How do you cope on bad flare days?
I find laughter is the best treatment on bad days. Watching comedies. Listening to funny podcasts or radio shows. Reading funny articles. Watching people’s antics on Tiktok or Youtube. Checking out the funny tweets on Twitter or funny feeds on Facebook. Anything to help distract from what’s going on. I think everyone, regardless of chronic illness or not, should find something to laugh about in these dark times.
I have lots of bad days, after a poor night’s sleep especially. However, I just try to push through, tell myself I’ll eventually be back in the comfort of bed. I end up spending the whole day binge watching shows on Acorn TV, Netflix, or Prime. Bad days mean I feel, and think, like a zombie. I can’t function very well and I tell myself to take it easy.
What’s the best advice you’ve received about life with chronic illness?
The best advice I received was to stop people-pleasing. Stop pushing yourself. Take more time for you. Don’t settle for toxic people or situations. Learn boundaries and stop being so hard on yourself. I think a lot of chronic illness patients blame themselves for something that’s a) not their fault for getting and b) that they have no real control over. They can do all that’s suggested, exercise, meds, supplements, relaxation, diet, proper sleep, meditation, but sometimes it’s just something you can’t control.I think a lot of chronic illness patients blame themselves for something that's a) not their fault for getting and b) that they have no real control over. They can do all that's suggested, exercise, meds, supplements, relaxation,… Click To Tweet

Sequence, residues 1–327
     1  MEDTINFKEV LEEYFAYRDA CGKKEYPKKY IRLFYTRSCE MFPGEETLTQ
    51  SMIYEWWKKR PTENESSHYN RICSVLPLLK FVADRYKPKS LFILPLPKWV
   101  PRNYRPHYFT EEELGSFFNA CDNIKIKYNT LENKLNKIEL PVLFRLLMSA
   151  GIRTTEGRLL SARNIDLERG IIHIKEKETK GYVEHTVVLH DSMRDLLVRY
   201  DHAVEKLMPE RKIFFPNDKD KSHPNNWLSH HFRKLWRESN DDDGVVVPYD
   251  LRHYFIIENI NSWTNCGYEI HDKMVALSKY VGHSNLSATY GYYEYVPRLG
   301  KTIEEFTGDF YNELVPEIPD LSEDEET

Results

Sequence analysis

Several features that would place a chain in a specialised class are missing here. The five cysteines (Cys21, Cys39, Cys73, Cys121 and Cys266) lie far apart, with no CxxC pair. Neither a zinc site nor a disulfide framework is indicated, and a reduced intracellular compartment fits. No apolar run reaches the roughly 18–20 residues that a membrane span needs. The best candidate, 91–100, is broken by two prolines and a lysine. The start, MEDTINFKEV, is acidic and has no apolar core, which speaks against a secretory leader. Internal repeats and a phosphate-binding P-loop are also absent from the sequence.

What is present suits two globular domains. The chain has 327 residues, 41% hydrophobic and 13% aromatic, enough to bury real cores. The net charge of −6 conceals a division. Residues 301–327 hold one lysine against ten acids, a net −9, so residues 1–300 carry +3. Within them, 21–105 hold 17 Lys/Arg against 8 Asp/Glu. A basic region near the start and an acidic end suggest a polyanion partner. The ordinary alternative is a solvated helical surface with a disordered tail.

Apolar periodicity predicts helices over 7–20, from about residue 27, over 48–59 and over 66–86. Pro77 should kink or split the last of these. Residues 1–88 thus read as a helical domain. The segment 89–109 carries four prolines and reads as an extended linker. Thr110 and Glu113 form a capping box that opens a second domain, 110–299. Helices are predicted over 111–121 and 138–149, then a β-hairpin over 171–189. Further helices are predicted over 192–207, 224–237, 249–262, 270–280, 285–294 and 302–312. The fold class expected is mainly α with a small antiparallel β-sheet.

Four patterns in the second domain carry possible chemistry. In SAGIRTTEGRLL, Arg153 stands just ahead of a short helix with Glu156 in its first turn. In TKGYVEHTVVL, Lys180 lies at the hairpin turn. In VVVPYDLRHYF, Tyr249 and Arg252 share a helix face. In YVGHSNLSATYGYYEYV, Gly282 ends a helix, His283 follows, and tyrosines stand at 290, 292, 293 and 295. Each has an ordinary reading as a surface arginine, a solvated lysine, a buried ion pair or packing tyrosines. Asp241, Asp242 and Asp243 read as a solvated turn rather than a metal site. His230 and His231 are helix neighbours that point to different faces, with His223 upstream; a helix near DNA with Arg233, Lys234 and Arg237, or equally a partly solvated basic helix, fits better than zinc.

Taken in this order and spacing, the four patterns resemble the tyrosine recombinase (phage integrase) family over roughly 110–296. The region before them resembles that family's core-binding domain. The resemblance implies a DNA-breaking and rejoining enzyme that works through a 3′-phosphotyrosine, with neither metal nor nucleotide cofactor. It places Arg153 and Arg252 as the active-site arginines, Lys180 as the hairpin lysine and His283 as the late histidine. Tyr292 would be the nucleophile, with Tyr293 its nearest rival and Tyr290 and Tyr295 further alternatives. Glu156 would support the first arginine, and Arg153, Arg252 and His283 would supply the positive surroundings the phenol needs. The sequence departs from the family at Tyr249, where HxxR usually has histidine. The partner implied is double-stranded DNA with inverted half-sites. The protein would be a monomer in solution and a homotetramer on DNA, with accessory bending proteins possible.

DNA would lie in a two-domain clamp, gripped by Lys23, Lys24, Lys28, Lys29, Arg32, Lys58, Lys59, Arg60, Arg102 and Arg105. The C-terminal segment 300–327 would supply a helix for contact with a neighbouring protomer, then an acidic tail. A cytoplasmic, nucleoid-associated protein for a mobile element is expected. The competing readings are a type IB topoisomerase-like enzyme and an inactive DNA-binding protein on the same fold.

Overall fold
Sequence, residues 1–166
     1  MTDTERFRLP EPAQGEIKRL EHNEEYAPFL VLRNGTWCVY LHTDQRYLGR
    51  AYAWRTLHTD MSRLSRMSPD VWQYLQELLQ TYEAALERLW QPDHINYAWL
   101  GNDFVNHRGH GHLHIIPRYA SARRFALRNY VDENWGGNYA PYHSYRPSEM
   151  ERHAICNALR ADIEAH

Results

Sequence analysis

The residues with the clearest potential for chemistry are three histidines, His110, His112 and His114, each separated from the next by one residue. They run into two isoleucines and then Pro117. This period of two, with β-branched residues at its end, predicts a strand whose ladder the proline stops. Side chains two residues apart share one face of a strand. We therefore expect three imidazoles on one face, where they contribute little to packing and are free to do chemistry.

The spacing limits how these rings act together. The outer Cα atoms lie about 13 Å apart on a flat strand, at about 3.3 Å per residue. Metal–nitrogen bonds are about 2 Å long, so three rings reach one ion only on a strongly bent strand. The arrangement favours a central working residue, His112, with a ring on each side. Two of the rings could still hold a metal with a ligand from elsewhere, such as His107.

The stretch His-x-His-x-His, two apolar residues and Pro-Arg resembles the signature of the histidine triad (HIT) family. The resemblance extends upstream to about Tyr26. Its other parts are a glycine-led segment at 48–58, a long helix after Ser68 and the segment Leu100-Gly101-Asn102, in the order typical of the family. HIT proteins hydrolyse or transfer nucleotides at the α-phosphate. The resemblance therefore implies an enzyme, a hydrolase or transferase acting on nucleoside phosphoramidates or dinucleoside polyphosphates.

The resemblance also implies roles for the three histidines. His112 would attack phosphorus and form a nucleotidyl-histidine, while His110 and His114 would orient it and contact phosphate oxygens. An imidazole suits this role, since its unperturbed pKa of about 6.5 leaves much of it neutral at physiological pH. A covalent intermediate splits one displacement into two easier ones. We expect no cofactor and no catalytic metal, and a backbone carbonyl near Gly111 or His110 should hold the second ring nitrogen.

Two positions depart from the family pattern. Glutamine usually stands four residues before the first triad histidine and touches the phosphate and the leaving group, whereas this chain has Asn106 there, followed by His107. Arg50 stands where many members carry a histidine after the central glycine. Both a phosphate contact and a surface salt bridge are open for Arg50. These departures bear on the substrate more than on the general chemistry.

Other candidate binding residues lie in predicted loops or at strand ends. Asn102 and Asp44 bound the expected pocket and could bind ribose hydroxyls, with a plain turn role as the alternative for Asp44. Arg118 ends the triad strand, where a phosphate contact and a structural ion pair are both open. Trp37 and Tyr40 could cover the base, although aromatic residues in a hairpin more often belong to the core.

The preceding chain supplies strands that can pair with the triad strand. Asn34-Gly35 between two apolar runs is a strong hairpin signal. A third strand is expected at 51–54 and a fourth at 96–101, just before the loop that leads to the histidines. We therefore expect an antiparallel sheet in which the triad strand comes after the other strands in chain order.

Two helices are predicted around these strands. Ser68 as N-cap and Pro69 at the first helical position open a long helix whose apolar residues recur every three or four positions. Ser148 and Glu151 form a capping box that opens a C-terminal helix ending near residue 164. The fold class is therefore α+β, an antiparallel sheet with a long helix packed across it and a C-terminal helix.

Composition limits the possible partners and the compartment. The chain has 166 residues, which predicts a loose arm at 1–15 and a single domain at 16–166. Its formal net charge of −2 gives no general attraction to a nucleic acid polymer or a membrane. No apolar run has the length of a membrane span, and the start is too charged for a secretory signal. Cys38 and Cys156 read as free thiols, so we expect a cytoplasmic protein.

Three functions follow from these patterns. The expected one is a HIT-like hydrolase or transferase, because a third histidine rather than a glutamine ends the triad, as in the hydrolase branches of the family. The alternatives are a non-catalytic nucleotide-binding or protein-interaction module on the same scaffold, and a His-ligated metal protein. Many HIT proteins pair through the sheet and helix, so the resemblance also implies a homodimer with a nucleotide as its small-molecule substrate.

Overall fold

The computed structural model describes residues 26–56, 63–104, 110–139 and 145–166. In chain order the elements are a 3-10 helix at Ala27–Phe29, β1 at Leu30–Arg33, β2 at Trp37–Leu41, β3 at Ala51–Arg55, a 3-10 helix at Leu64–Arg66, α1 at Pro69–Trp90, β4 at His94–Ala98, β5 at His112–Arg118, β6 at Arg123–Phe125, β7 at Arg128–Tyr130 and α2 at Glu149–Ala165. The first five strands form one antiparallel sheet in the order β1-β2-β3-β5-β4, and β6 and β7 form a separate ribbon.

The one thing I’ve learned since having this condition is that I’m hardy. Despite the pain and fatigue, I still manage to write my articles or work on a piece of fiction (which never ends up published because I can’t seem to finish a novel). I still manage to do webinars, read e-books, blogs, and listen to podcasts on writing or fibro. I know a lot of people who can’t even do these things.
What’s one good thing that’s happened since you were diagnosed with fibromyalgia?
The one good thing that has happened since my diagnosis is that I’m not homeless. I do have accommodation and I do have some income coming in, via my mother. It’s not ideal. However, I remind myself that many other people with chronic conditions do struggle to meet their family’s basic needs and some even end up in worse conditions that aggravate their condition, or make them sicker.
What inspires you to keep going?
The one thing that inspires me to keep going, despite the pain and fatigue is just to try to be more open and accepting of things. Have more faith and be less concerned with the future and how bad it might be. I’m prone to anxiety and worry-Highly Sensitive People are more so, compared to non-HSPs- and I think many chronic illness patients, particularly those with fibro, are ‘worriers’. I think this condition is trying to tell us to lighten up and not sweat the small stuff.I think this condition is trying to tell us to lighten up and not sweat the small stuff. Try to be more open and accepting of things. Have more faith and be less concerned with the future and how bad it might be. #fibromyalgia Click To Tweet
Worrying about everything does nothing. Worrying haphazardly gets you nowhere in life and with your condition. It just makes everything worse. Only focus on what it is right now. That headache, those sore shoulders, poor sleep, or that back ache. Don’t worry about the next six months or the year ahead. Don’t worry about the missed events or the people who will dump you when you tell them what’s up. It’s not worth trying to control something out of your control.
If you’d like to know more about Jade, you can check out her website at jadebaldwriter.weebly.com.